If your average buyer's journey is a long journey, and your marketing efforts are generating leads, but few of which turn into an actual sale, then understanding MQLs and SQLs are probably necessary to improve your sales funnel.
Marketing Qualified Leads (MQLs) are those individuals in the middle "consideration" stage of the buyer's journey, where they are definitely interested, but aren't quite ready to make a commitment just yet. Individuals classified as an MQL could have downloaded an ebook or whitepaper, or have registered for a Webinar.
Sales Qualified Leads (SQLs) are individuals who are closer to the "decision" stage. These types of leads already been vetted and deemed ready to convert by someone in your sales organization, and are ready for a direct sales reach out or follow up.
It's important to properly define and differentiate between these two types of leads to make sure that your Sales and Marketing teams are in alignment. There needs to be an appropriate hand-off point where a lead is nurtured from a MQL to an SQL, so the sales team can take over and (hopefully) close the deal.
This percentage of marketing qualified leads that convert to sales qualified leads is known as the MQL to SQL conversion rate, and is a key sales metric in understanding how well your marketing team is stocking the sales pipeline with high quality leads.
Here's how to calculate the MQL to SQL conversion rate:
# of Sales Qualified Leads / # of Marketing Qualified Leads
= MQL to SQL Conversion Rate %
So now that you know how to calculate the conversion rate, let's talk about the actual conversion process. This can be the tough part, as you have two separate teams trying to work with a lead using two (or more) different methods. The best place to start is usually by implementing a lead scoring system, which is a process of assigning values to each lead that comes in, scoring them against specific criteria so they can be properly engaged by the marketing and sales teams as they move through the process.
In addition, there are some characteristics that are common in each type of lead as they move through the qualification and conversion process. Here's a typical summary:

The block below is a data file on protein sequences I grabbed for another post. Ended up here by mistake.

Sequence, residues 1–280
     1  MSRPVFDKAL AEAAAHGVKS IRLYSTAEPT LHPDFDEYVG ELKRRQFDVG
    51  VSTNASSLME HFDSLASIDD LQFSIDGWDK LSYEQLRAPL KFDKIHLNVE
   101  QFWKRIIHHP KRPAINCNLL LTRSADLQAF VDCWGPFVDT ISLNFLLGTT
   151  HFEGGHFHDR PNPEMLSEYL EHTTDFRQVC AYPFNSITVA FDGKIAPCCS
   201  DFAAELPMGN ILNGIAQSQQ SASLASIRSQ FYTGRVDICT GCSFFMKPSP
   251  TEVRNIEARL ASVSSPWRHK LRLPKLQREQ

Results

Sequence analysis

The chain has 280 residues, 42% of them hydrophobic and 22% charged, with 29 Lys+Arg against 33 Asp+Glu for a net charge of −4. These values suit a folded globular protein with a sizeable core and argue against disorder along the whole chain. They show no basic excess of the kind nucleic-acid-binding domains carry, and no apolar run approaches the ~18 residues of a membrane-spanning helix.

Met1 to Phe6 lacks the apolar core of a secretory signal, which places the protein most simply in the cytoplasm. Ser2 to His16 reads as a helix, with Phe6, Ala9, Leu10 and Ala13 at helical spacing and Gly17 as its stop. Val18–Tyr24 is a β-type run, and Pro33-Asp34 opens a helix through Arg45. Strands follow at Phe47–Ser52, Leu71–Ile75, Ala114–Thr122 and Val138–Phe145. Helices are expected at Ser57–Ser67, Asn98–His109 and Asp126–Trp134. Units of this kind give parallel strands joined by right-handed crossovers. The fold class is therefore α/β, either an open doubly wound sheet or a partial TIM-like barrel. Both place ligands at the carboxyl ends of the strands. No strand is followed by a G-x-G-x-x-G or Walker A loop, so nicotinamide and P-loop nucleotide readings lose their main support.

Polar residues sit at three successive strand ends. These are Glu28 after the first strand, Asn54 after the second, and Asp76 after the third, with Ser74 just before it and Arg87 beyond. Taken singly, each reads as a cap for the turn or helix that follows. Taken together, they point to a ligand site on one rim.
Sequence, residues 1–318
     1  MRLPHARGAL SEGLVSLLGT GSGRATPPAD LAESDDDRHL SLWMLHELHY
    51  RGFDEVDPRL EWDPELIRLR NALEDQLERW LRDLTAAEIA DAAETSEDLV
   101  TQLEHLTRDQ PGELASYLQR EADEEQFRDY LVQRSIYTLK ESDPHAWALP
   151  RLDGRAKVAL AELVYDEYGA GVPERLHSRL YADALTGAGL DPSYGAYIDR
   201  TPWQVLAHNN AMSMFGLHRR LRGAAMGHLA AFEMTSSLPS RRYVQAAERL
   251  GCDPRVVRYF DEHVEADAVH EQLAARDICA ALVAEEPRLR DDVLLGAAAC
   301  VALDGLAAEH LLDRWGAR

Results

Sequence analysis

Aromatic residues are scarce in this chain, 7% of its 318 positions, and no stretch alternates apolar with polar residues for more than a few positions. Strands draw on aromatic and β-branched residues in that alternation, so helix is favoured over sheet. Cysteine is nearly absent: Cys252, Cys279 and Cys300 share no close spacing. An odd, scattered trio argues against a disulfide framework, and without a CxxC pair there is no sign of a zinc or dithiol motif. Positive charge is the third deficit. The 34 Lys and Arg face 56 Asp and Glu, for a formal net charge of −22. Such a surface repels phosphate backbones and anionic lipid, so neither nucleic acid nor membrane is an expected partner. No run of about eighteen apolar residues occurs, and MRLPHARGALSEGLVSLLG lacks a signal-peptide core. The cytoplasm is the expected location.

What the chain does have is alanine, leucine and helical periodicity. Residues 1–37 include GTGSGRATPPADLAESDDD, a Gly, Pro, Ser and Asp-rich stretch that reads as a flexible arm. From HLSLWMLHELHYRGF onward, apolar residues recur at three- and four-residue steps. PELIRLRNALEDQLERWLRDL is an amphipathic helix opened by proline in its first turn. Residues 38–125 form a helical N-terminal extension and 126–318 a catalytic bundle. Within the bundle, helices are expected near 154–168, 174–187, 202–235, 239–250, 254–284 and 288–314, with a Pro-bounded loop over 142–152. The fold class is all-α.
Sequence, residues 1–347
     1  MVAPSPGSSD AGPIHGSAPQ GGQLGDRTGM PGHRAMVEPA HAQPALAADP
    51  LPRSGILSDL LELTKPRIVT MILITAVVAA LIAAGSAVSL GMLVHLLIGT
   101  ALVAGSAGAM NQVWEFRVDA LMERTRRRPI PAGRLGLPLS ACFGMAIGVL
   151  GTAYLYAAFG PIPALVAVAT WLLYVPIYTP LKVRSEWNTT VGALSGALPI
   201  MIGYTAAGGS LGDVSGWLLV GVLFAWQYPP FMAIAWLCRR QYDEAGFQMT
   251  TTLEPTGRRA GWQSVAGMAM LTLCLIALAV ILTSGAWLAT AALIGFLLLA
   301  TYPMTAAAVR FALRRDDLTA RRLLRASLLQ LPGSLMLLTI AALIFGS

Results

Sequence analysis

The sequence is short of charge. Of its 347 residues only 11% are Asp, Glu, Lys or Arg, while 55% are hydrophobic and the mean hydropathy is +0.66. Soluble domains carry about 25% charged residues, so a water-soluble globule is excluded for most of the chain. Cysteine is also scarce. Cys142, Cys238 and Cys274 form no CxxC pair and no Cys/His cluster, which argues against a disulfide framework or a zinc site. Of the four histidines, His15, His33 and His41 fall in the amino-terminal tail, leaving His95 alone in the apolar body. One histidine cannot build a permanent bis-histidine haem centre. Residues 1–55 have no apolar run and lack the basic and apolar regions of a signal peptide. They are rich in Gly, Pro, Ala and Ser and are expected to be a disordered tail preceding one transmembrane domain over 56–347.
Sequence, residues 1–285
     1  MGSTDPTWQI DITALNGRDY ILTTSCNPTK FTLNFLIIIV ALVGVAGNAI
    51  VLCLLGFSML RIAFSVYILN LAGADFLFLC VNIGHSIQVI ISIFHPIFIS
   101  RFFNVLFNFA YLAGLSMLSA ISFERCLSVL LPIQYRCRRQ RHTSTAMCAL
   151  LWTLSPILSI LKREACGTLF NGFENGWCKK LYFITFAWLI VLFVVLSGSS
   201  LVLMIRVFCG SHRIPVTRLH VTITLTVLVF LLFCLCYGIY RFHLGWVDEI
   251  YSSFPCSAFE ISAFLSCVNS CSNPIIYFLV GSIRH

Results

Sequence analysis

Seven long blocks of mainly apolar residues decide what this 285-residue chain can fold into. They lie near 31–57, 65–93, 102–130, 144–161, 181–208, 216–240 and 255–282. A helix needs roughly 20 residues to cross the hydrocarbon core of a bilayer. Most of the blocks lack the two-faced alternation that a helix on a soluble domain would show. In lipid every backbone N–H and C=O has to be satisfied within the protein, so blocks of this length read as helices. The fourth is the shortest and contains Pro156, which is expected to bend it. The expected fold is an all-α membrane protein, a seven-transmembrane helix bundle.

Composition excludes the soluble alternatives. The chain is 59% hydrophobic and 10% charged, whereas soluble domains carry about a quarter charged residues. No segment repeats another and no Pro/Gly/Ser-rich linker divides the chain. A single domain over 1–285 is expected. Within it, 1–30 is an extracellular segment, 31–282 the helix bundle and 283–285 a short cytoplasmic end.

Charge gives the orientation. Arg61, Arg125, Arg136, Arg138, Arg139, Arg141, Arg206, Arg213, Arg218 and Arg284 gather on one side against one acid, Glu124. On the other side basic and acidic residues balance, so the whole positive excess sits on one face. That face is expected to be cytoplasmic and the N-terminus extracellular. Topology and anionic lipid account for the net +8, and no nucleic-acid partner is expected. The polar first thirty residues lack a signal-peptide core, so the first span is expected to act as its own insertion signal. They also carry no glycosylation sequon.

Visitor → Lead
Who are they?: Someone casually visiting your website or blog to consume content, but haven't necessarily expressed interest in your specific products and/or services
What are they doing?: They're interested in your content for the purposes of entertainment, education or curiosity
What do they need?: At this time, you don't have any information other than that they want to consume free and relevant content
How can you nurture them?: Drive them towards content-related CTAs such as Newsletter Sign-ups, or landing pages that will give them high-value free content in exchange for personal contact information
Lead → MQL
Who are they?: Someone who has submitted basic contact information in exchange for gated content
What are they doing?: They're interested in higher-value, targeted content, such as downloadable whitepapers, ebooks, templates, checklists, etc.
What do they need?: By being willing to submit personal information in exchange for gated content means that content is highly relevant to them, and may address a pain point or specific inquiry they may have
How can you nurture them?: Using marketing automation, add them to an email workflow that will deliver additional gated content, invites to webinars, or demo sessions that are highly relevant to their expressed interest and needs.
MQL → SQL
Who are they?: Someone who has downloaded gated content or attended a webinar, and may still be visiting your website or engaging with other posted content
What are they doing?: Through engaging with gated content or attending a webinar or event, this MQL has shown interest in your products and/or services
What do they need?: This MQL has confirmed that they have a problem or issue that your products and/or services can provide a solution to
How can you nurture them?: Continue to nurture the MQL with valuable and branded content to help them further determine if your offerings are a good fit for what they need
SQL → Sales Conversion
Who are they?: Someone who your Marketing team has vetted against their pre-determined buyer personas and have deemed as "ready to convert"
What are they doing?: This SQL has inquired further about your specific products and/or services and has confirmed that they want to be contacted by your sales team
What do they need?: This SQL has identified their need(s) and are weighing your offerings in comparison to competitors. They require specific information and incentives to drive them towards a sales decision.
How can you nurture them?: Provide the SQL with individualized attention such as live demos, free trial period access, discounts, or limited time offers to help encourage their purchase decision.
As you can see throughout the stages detailed above, the most important part of the lead conversion process is delivering relevant information and support to your potential customers when they are most open to converting (from one stage to the next). As mentioned above, implementing a lead scoring process will help you to define users in each of these stages, so you are adding them to workflows and reaching out only when they need it -- otherwise you run the risk of inundating them with content they are not yet ready for.
Your goal at the end of the lead qualification cycle is to maximize your MQL to SQL conversion rate, and ultimately the rate at which those SQLs convert to paying customers.